Mormonism and polygamy

plural marriagepolygamyplural wifeplural wivesMormon polygamypolygamistpolygamistspolygamousMormon polygamistsMormon practice of polygamy
Polygamy (called plural marriage by Mormons in the 19th century or the Principle by modern fundamentalist practitioners of polygamy) was practiced by leaders of The Church of Jesus Christ of Latter-day Saints (LDS Church) for more than half of the 19th century, and practiced publicly from 1852 to 1890 by between 20 and 30 percent of Latter-day Saint families.wikipedia
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Mormon fundamentalism

Mormon fundamentalistfundamentalist MormonMormon fundamentalists
Polygamy (called plural marriage by Mormons in the 19th century or the Principle by modern fundamentalist practitioners of polygamy) was practiced by leaders of The Church of Jesus Christ of Latter-day Saints (LDS Church) for more than half of the 19th century, and practiced publicly from 1852 to 1890 by between 20 and 30 percent of Latter-day Saint families.
The principle most often associated with Mormon fundamentalism is plural marriage, a form of polygyny first taught in the Latter Day Saint movement by the movement's founder, Smith.

Mormons

MormonLDSMormon community
Polygamy (called plural marriage by Mormons in the 19th century or the Principle by modern fundamentalist practitioners of polygamy) was practiced by leaders of The Church of Jesus Christ of Latter-day Saints (LDS Church) for more than half of the 19th century, and practiced publicly from 1852 to 1890 by between 20 and 30 percent of Latter-day Saint families.
During the 19th century, Mormon converts tended to gather to a central geographic location, and between 1852 and 1890 a minority of Mormons openly practiced plural marriage, a form of religious polygamy.

Brigham Young

BrighamYoungBrigham Young Company
The public practice of plural marriage by the church was announced and defended in 1852 by a member of the Quorum of the Twelve Apostles, Orson Pratt, by the request of church president Brigham Young.
A polygamist, Young had 55 wives.

1890 Manifesto

Manifestoofficially abandonedThe Manifesto
In 1890, when it became clear that Utah would not be admitted to the Union while polygamy was still the practice, church president Wilford Woodruff issued a Manifesto that officially terminated the practice of polygamy.
The 1890 Manifesto (also known as the Woodruff Manifesto or the Anti-polygamy Manifesto) is a statement which officially advised against any future plural marriage in The Church of Jesus Christ of Latter-day Saints (LDS Church).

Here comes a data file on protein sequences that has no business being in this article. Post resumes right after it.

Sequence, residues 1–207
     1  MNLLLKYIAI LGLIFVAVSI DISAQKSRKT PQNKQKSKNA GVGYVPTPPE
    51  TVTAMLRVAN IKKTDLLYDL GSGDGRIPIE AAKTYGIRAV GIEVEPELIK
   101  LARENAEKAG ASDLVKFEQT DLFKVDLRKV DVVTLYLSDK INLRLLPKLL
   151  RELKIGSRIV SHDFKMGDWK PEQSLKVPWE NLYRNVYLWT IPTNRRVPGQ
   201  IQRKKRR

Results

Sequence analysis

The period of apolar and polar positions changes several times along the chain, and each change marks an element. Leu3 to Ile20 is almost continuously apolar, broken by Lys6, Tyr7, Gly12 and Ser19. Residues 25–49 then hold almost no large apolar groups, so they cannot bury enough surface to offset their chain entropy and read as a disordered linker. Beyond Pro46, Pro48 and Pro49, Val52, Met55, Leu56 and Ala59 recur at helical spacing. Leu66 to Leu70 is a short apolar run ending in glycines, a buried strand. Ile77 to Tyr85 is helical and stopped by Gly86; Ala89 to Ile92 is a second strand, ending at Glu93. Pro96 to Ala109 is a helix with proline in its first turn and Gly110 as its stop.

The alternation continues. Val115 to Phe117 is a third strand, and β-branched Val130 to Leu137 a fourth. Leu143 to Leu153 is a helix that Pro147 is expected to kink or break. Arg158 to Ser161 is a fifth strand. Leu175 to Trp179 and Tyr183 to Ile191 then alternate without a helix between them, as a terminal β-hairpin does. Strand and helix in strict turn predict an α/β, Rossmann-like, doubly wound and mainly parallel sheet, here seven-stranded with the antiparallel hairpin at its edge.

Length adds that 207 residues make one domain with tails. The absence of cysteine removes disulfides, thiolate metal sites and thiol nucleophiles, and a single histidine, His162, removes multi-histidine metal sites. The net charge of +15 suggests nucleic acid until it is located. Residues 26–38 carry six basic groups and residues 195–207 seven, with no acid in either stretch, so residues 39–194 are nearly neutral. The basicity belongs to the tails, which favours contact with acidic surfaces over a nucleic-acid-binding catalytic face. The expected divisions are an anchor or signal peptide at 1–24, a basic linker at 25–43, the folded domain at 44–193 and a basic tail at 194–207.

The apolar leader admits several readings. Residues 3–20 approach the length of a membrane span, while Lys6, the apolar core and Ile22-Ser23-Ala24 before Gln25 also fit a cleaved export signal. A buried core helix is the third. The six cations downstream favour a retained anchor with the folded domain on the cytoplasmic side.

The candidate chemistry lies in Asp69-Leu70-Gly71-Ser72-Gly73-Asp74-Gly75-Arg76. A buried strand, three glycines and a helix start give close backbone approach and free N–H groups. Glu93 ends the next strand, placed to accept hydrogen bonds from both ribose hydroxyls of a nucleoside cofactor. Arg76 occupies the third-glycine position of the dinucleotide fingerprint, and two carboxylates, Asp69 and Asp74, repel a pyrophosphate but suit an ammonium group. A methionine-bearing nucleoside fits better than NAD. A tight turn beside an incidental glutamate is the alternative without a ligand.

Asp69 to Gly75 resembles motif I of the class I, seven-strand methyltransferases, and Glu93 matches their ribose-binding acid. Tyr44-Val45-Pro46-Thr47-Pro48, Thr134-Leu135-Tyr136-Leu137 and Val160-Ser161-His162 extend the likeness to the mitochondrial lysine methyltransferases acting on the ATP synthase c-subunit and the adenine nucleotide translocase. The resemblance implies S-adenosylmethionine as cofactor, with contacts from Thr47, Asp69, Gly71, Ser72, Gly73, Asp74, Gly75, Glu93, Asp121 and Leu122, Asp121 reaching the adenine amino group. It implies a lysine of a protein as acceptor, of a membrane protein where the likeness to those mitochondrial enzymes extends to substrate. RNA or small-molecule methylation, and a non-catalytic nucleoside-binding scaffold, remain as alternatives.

Wilford Woodruff

Woodruff, WilfordLDS President WoodruffPhebe C. Woodruff
In 1890, when it became clear that Utah would not be admitted to the Union while polygamy was still the practice, church president Wilford Woodruff issued a Manifesto that officially terminated the practice of polygamy.
He formally ended the practice of plural marriage among the members of the LDS Church in 1890.

Fundamentalist Church of Jesus Christ of Latter-Day Saints

Fundamentalist Church of Jesus Christ of Latter Day SaintsFLDSFLDS Church
Several small "fundamentalist" groups, seeking to continue the practice, split from the LDS Church, including the Apostolic United Brethren (AUB) and the Fundamentalist Church of Jesus Christ of Latter-Day Saints (FLDS Church).
The fundamentalist Mormon movement emerged in the early 20th century when its founding members were excommunicated from The Church of Jesus Christ of Latter-day Saints (LDS Church), largely because of their refusal to abandon the practice of plural marriage after it was renounced in the "Second Manifesto" (1904).

The Church of Jesus Christ of Latter-day Saints

LDS ChurchLatter-day SaintChurch of Jesus Christ of Latter-day Saints
Polygamy (called plural marriage by Mormons in the 19th century or the Principle by modern fundamentalist practitioners of polygamy) was practiced by leaders of The Church of Jesus Christ of Latter-day Saints (LDS Church) for more than half of the 19th century, and practiced publicly from 1852 to 1890 by between 20 and 30 percent of Latter-day Saint families.
He also publicized the practice of plural marriage, a form of polygamy.

Utah War

Utah ExpeditionJohnston's ArmyMormon War
Polygamy was probably a significant factor in the Utah War of 1857 and 1858, given Republican attempts to paint Democratic President James Buchanan as weak in his opposition to both polygamy and slavery.
At this time, the leadership of the LDS Church supported polygamy or "plural marriage" as it was called by the Mormons.

List of Joseph Smith's wives

Louisa BeamanSarah Ann WhitneyAgnes Coolbrith Smith